Jack the Ripper: The 1888 London East End Serial Killer
The Ripper’s murderous serial killings must certainly go down in the history books as one of the great unsolved mysteries of all time. Therefore, anyone that thinks he can do better than the police of the time or the numerous writers after, read on and put your ability to the test and see if you can close the book on the infamous Whitechapel murders to your satisfaction. More
East London included the London docks and run-down areas of Whitechapel, Spitalfields, and Bethnal Green As the parish of Whitechapel in London’s East End became increasingly overcrowded, housing conditions steadily worsened and the area was overrun with violence, robbery, and alcoholism. London’s East End was perfect for crime. A maze of streets, alleys, courts, and yards covered the East End and the gaslights, which were few and far between, did little to illuminate the dark shadows. The Ripper’s chosen victims, the prostitutes of the East End, were easy kill targets. The woman working the streets in the East End were hardly a dream date. Many were overweight or skinny with homely faces, missing teeth, bad breath, and were outright drunks with hair-trigger tempers and nasty dispositions. They typically lived in flophouses (the “doss houses”) whenever they did not drink their money away and walked about with everything they owned on their person. Although these prostitutes might not have won any beauty contests, at least they were available for a man to satisfy his sexual needs in an age when their Victorian Era wives considered sex as a task to be reluctantly endured to procreate children.
Sex was usually performed standing up against a building or fence, as the prostitute had no inclination to lay down on her back in the mud in her only change of clothes. In most cases the prostitute lifted up her dress with her back to the client. She was the perfect target for the Ripper and obligingly set her self up to have her throat easily slit in a dark corner of the street or alleyway with little effort or struggle.
This book contains virtually all the information available to the London Metropolitan Police and Scotland Yard in 1888 along with subsequent hindsight the police at the time did not have at the time. And although some suspects were clearly identified by the police as possibilities for Jack the Ripper, the lack of evidence and lack of credibility of eye witness accounts did not result in any suspect being charged for the Ripper murders, let alone being prosecuted for them. Having to rely almost entirely on unreliable witness recollections severely crippled the police investigation. They had no motive leads to follow up, as the murders were a completely random crime of butchery without rhyme or reason. Also, the police of the time had none of the tools necessary to establish corroborating evidence, like fingerprint files, DNA, or hair sample analysis technology. No weapon was ever recovered nor any clues found at the crime scene or anywhere else. The chances of finding the Ripper under such circumstances was infinitesimal. The result was that back in 1888 a serial killer in the East End of London murdered a number of prostitutes with impunity. The London police were powerless to catch him, although they did, on a number of occasions, arrive on the crime scene only minutes after the murder was committed. Despite this, the Ripper always disappeared in the maze of the dark streets and alleyways of the East End without being seen. And when the Ripper stopped his murderous spree, it was for reasons known only to himself.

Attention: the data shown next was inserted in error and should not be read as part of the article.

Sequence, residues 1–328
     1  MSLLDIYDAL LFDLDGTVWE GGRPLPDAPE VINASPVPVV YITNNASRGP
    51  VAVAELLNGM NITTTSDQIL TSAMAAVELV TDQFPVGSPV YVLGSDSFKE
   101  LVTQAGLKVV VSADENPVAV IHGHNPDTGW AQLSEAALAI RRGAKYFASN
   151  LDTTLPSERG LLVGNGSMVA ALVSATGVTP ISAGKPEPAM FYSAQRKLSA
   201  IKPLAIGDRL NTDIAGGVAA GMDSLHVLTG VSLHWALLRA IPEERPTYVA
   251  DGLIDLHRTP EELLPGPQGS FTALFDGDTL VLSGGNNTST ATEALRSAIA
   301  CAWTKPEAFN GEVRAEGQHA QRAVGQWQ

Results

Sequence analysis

The Ripper’s murderous serial killings must certainly go down in the history books as one of the great unsolved mysteries of all time. Therefore, anyone that thinks he can do better than the police of the time or the numerous writers after, read on and put your ability to the test and see if you can close the book on the infamous Whitechapel murders to your satisfaction. You will never find a crime more worthy of your efforts.